Logos & Branding
When designing a logo, the cornerstone of your brand, I always ask my clients to consider the following points. Hopefully they will act as a guide to help you with the design process.
1. Keep it simple
Your logo will be used in a range of print and web applications, at different sizes and resolutions including websites, social media, business cards, leaflets, marketing materials, promotional items, exhibition displays etc.
Consequently your identity needs to look good and be instantly recognisable and for this reason I always recommend keeping the design as simple as possible. Intricate details and small text will become lost and almost impossible to view clearly below a certain size.
2. Logo types
Generally speaking there are two distinct types of logos: vector-based (lines) and image-based logos (pixels). For the above reasons I do not normally recommend using image logos and will convert the artwork into a suitable format.
Not all image-based logos work well at different sizes and require large files, but vector-based logos can be scaled up or down without degradation of the design.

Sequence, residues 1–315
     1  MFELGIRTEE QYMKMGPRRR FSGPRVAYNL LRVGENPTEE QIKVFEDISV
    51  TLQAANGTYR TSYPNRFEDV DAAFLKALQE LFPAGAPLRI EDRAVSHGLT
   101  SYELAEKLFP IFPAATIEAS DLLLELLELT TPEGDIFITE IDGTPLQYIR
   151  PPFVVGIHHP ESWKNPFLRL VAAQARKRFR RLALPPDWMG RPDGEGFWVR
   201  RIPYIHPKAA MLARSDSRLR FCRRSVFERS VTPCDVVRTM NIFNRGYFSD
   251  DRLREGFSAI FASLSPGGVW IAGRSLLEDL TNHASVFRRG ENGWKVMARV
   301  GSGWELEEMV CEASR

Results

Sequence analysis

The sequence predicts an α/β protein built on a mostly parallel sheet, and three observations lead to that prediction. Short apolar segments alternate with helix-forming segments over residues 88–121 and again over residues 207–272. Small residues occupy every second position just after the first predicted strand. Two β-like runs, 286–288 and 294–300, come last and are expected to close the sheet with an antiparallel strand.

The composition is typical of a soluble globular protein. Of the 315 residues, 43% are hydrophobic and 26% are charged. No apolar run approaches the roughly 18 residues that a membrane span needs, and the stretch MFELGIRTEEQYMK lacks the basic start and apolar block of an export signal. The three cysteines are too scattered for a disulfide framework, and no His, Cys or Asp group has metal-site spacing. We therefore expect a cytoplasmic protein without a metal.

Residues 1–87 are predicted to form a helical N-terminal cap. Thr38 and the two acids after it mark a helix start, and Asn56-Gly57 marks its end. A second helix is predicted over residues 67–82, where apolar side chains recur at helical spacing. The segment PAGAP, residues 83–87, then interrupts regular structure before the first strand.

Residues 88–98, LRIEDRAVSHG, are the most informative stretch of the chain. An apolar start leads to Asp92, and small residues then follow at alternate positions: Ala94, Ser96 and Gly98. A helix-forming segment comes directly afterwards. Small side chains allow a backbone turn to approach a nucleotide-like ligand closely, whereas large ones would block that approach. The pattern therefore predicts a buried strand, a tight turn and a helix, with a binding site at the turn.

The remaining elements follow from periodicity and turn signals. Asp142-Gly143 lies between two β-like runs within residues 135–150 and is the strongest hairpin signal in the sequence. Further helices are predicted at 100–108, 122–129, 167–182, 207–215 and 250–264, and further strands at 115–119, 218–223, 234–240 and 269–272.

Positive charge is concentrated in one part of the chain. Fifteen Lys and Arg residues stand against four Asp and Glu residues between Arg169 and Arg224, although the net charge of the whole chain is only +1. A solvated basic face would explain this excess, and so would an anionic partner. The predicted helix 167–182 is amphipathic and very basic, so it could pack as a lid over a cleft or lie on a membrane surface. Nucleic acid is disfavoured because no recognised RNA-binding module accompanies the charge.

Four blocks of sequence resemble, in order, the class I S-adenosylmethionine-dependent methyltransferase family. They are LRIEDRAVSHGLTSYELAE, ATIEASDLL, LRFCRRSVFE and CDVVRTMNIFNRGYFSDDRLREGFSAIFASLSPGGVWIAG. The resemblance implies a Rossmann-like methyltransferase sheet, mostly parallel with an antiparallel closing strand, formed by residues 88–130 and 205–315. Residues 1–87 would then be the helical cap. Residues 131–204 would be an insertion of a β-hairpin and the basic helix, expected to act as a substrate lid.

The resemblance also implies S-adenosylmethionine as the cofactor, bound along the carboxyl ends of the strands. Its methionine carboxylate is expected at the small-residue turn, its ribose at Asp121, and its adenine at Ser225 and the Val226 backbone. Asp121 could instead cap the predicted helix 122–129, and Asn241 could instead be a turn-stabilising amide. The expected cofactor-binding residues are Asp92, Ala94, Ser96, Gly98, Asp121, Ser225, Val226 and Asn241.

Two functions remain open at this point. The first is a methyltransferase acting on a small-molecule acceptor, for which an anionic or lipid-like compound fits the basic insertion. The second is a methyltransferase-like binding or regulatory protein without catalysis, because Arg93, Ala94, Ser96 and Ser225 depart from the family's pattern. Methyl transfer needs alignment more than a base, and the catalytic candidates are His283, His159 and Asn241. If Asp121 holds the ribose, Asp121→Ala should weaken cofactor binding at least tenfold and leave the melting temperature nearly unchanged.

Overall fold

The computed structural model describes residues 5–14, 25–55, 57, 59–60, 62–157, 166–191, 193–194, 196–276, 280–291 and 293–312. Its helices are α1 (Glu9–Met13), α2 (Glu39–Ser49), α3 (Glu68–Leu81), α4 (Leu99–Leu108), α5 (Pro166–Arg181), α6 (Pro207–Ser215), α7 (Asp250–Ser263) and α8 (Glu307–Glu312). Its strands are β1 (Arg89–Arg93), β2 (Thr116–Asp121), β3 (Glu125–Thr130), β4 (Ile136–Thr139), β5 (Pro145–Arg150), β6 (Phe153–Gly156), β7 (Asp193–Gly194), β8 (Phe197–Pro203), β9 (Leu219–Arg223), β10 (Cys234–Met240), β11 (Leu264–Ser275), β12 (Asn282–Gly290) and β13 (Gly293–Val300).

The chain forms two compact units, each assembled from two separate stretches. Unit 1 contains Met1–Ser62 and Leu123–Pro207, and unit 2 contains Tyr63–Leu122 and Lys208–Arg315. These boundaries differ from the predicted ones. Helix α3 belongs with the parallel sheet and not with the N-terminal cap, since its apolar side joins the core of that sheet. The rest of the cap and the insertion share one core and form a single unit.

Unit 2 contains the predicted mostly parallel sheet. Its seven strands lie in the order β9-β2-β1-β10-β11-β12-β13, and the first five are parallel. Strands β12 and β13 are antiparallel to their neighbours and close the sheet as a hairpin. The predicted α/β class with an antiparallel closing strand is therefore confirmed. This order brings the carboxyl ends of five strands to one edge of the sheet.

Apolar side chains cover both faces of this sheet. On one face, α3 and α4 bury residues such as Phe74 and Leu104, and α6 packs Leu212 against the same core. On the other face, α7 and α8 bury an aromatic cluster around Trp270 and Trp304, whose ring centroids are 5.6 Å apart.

3. Designs and colours
The most effective logos tend to be bold and simple and if they doesn’t render clearly in black and white then they simply won’t be serviceable. Simple graphics, easy-to-read text, and a limited colour palette will produce the best results. The logo should have sufficient contrast and ‘white space’ between the elements to make it legible.
4. Logo variations and file types
At the very least you should have a colour and a black-only version of your final logo and, depending on the design, you may also need horizontal and vertical variations. It is standard practice to provide clients with a print version (.eps), web version (.png) and desktop version (.jpg) together with any social media profile images as required, resized accordingly.
Creating just the right logo to impart your own brand takes a lot of skill and consideration. Whilst it may be ‘just a logo’, designing an effective visual identity which people will immediately associate your business or organisation can be quite a challenging process.
A personalised style guide will help ensure that your logo is used consistently across all media.